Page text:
In this article, we will outline some of the best resources to learn why failed economic practices led to the invention of Bitcoin by examining the first principles of economics from the perspective of the Austrian economy.
- “Economics in a Lesson” – Henry Hazlitt
- “Ethics of Money Production” – Jörg Guido Hülsmann
- “The Origin of Money” – Carl Menger
- “Anatomy of the State” – Murray N. Rothbard
- “Human Action” – Ludwig von Mises
Economics in one lesson
In Economics In One Lesson, Hazlitt argues that we need to consider the unintended, often invisible, consequences of government policy and economic activity. He illustrates this point with the “broken window fallacy” and points out that the economy will be damaged if the baker has to spend money to replace a broken window. Instead of using that money to invest in a new oven or paint job for his bakery, which will help him and other companies, his money is used to replace the window, which only helps the local glazier. Since we see broken windows help the glazier and fail to see the damage it is doing to the overall economy, many of us assume that broken windows are good for economic growth. But that’s obviously not true. In short, whenever the government or criminal window-breakers are diverting funds from the individual, the economy suffers.
The ethics of money production
The Ethics Of Money Production argues that money production should be privatized, just as most goods are produced. In this book, the author Hülsmann refutes common misunderstandings about the administration of money by the state. State control does not lead to stability, but to inflation, counterfeiting and instability. And a decentralized market is better placed to determine the value of the currency than the government. Hülsmann also points out that paper money was not voluntarily accepted when it was introduced into society. The government had to force people to use it, sometimes with the death penalty. People should be able to use any medium of exchange as long as it is voluntary. Forcing people to join a currency monopoly is unethical, restricts freedom and property rights, and opens the door to corrupt, monopoly practices.
The origins of money
In this essay, Menger argues that money does not need to be created and enforced top-down, as it comes naturally from human action. Individuals in the early economies slowly moved from directly bartering products and services to using various intermediaries to more easily obtain their desired products and services. The market testing various intermediaries will eventually dissolve into one or two popular mediums that turn into money. For most civilizations, these were gold and other precious metals. Menger’s central thesis is that money does not have to be created by human hands, but rather arises as a by-product of individuals trying to act as efficiently as possible.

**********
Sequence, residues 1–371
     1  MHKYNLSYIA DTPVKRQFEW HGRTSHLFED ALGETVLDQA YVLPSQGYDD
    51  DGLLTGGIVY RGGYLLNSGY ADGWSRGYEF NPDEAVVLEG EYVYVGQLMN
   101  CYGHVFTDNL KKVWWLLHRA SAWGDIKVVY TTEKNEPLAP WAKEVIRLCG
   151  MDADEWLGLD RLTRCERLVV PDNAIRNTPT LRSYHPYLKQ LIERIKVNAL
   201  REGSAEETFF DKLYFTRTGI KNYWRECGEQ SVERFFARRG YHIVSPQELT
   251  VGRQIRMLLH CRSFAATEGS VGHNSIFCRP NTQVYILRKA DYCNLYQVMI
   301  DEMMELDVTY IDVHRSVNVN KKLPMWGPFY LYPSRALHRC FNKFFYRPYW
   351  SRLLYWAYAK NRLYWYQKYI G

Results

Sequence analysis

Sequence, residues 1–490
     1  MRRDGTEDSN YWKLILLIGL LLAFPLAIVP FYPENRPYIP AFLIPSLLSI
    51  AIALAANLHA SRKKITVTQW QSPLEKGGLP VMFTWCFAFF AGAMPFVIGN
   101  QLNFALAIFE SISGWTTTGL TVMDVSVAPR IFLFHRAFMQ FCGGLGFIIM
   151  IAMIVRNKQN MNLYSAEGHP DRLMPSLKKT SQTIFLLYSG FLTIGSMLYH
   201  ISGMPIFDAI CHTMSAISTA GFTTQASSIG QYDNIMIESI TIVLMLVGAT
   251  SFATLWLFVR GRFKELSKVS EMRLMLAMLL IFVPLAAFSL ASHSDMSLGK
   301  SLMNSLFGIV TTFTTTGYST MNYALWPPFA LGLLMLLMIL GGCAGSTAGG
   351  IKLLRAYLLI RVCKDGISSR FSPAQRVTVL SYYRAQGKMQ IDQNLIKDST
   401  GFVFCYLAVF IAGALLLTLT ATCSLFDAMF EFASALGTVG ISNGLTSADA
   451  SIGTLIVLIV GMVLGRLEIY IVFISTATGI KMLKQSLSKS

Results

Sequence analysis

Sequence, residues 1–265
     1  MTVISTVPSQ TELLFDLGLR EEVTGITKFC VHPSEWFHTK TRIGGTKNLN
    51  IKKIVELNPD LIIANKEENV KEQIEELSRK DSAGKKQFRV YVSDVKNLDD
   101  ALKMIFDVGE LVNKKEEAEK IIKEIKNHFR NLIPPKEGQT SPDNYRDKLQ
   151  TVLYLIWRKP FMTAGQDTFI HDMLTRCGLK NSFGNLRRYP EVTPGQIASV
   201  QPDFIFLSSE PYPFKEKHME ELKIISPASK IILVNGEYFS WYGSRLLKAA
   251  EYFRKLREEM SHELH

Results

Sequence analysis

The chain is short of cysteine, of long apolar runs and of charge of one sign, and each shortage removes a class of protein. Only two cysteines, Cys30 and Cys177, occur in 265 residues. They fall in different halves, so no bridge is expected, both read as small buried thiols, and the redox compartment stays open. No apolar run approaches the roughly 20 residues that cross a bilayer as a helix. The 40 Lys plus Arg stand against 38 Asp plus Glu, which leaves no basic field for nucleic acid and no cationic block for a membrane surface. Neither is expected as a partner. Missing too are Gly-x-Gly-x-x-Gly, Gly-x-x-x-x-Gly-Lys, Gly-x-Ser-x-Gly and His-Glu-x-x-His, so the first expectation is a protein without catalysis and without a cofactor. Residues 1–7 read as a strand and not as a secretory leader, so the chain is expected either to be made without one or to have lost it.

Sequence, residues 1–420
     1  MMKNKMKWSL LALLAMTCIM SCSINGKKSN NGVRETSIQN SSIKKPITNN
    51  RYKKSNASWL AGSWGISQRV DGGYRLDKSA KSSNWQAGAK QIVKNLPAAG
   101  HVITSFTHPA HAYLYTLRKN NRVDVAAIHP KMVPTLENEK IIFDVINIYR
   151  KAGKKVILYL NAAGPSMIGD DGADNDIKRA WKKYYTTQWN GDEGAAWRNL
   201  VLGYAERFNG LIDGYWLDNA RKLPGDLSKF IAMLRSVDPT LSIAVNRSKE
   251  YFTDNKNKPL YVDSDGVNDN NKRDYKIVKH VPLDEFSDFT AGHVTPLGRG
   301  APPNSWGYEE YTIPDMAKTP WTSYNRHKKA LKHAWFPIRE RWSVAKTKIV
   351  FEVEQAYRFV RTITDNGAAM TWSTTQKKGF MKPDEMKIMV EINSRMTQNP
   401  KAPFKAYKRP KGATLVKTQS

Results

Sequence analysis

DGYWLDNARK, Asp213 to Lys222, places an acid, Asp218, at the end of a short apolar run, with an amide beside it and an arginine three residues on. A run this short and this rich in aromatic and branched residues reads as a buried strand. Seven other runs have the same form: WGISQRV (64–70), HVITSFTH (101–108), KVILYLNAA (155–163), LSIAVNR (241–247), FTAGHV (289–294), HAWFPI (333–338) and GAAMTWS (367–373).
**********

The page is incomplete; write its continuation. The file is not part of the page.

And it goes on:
Anatomy of the state
“Anatomy Of The State” follows the government’s libertarian view that the government is a parasite that needs to be checked regularly. It steals value from productive members of society and defines as greedy those who want to amass “too much” money or keep their money. From a libertarian point of view, the government needs propaganda on its behalf to justify its existence and actions, and its primary focus is on maintaining and expanding its power, not protecting or helping its citizens.
In his aptly named treatise “Human Action”, Ludwig von Mises sums up economic growth and decline as a result of human activity. Individuals create, destroy, trade and compete in an economy, and profits are inexplicably linked to progress and economic success. When individuals make a profit, they are offering a product that the market demands and are rewarded for it. When individuals lose money, they are punished for consuming resources and making a product that the market doesn’t want. According to von Mises, at the center of all economic action and progress / regression is the entrepreneur who creates something, and economic activity and entrepreneurship will not stop until the market is satisfied. This is unlikely to ever happen because market satisfaction implies that individuals are saturated with the products and services they have, and humans are insatiable creatures.
If you can make it through all of these books including the 881-page giant “Human Action” we have even more great books on Bitcoin-related topics listed in our bookstore.
This is a guest post by Siby Suriyan. The opinions expressed are solely their own and do not necessarily reflect those of BTC Inc. or Bitcoin Magazine.